Saddle Up for Japan at Ascot
28th July 2018, Ascot Racecourse
Last year, thanks to the Japan Racing Association (JRA) http://japanracing.jp/en, sake finally came to be served at one of the most prestigious British events, the Ascot Racecourse. And this year, once again, we were given another fantastic opportunity to meet Britain’s society at the King George VI and Queen Elisabeth Stake at Ascot. At the entrance to the main building, a Japan pavilion was set with the slogan of ‘Saddle Up for Japan’.
The aim of JRA’s campaign for Japan is to attract horse owners to enter the Japan Cup https://en.wikipedia.org/wiki/Japan_Cup and also to raise the profile of Japan ahead of the Rugby World Cup in 2019 and Olympics in 2020. In the Japan tent, a combined team of sake, beer, wagyu beef and travel agents caught the attention of guests, giving them an opportunity to drop in to enjoy the Japanese delicacies. The Sake team were dressed in Japanese kimono and yukata to fit in with the festive ambiance. The level of interest in Sake and the knowledge among the audience were beyond our expectations and many enjoyed taking time to taste not just one but many types of sake before rushing into their box for lunch & racing. To our surprise, the sake we prepared to serve throughout the day was emptied before lunch, which allowed the sake team to watch horse racing together in JRA’s special guestroom with a grand view of the whole of Ascot.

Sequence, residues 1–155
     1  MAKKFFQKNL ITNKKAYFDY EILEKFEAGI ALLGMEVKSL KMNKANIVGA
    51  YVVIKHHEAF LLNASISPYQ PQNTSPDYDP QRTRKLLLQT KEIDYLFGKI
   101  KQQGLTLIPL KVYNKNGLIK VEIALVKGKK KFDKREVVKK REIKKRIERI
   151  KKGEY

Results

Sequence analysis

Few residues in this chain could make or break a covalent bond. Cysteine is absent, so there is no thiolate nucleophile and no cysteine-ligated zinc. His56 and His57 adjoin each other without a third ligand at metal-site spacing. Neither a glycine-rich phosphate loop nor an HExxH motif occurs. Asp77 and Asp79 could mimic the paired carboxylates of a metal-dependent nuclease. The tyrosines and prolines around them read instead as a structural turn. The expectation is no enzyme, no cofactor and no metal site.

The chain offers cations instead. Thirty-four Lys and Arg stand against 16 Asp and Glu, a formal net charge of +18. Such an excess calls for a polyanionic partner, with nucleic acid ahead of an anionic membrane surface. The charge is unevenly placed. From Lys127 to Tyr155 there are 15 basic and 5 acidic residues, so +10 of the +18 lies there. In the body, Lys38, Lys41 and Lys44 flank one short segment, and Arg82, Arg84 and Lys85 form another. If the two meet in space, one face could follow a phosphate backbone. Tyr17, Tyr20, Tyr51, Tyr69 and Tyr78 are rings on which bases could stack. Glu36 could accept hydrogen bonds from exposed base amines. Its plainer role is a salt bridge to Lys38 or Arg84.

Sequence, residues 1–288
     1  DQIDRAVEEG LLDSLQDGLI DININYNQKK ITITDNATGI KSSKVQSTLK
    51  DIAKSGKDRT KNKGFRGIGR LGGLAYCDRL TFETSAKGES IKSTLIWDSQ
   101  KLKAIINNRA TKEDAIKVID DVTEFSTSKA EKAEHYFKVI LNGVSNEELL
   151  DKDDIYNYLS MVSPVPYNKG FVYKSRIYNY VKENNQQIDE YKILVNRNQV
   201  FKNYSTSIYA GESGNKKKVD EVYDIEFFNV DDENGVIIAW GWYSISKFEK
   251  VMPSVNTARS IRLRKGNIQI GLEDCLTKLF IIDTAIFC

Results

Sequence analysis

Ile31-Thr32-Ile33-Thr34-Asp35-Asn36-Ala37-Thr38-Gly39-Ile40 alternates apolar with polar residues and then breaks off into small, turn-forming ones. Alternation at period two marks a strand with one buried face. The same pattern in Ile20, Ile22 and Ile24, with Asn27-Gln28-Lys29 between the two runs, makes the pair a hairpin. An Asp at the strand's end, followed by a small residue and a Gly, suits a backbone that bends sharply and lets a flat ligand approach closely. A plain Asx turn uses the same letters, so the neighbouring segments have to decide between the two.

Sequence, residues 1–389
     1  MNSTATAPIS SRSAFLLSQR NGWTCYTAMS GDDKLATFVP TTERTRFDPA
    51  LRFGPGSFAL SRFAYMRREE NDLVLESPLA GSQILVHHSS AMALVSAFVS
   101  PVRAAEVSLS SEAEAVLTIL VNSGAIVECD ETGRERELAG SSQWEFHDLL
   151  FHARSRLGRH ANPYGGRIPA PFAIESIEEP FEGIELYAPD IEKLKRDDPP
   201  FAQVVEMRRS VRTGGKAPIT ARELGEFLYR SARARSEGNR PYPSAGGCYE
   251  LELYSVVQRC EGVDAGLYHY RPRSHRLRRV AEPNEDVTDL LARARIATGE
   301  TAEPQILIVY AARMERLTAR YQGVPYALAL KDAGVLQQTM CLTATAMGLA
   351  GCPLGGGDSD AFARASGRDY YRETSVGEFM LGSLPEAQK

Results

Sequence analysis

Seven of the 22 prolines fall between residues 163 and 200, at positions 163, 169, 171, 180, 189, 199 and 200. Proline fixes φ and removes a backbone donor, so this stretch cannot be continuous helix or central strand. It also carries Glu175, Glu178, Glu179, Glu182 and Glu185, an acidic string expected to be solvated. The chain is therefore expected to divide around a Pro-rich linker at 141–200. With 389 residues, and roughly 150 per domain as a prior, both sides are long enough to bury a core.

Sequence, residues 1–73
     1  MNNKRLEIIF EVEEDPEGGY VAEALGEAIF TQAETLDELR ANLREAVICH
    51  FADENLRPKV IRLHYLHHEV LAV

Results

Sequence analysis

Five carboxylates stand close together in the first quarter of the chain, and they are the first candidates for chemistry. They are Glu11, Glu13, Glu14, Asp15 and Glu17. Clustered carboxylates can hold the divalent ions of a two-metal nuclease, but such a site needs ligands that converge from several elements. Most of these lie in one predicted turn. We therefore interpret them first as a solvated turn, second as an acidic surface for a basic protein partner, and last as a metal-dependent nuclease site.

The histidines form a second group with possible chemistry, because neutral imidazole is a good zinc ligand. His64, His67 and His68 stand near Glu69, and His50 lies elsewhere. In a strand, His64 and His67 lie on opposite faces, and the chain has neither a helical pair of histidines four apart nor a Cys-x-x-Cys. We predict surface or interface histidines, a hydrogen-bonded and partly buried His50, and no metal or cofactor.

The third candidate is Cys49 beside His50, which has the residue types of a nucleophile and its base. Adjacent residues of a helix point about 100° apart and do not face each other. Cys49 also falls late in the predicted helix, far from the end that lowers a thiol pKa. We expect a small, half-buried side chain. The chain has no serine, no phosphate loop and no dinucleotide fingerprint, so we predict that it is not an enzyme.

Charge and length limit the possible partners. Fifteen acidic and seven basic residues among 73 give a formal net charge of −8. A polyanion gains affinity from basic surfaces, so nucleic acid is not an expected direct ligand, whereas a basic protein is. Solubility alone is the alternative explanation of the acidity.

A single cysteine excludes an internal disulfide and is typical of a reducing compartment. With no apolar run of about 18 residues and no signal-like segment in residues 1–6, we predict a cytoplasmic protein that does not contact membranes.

Amongst the sake we prepared for this event, Mio sparkling sake was the greatest hit as expected for this celebrative event. Perfectly chilled and rosy coloured ume-shu seemed to amaze the ladies who initially hesitated to drink sake due to alcohol strength. Some people were keen to taste a good traditional sake, and we offered delicious Junmai-shu and ginjo-shu from different regions, Tohoku, Honshu and Kyushu. To finish the sake experience, we also served very rare 30-year-old Koshu from Kyushu to create a loving memory. We hope all guests who kindly spent time with us enjoyed Japan’s warm hospitality, with or without winning the race of the day, and will visit Japan one day soon.
Yes, ‘horses for courses’ is well said, I was convinced at this home of racing. ‘Sake for courses’ is another phrase I should remember when organising future successful events for different objectives.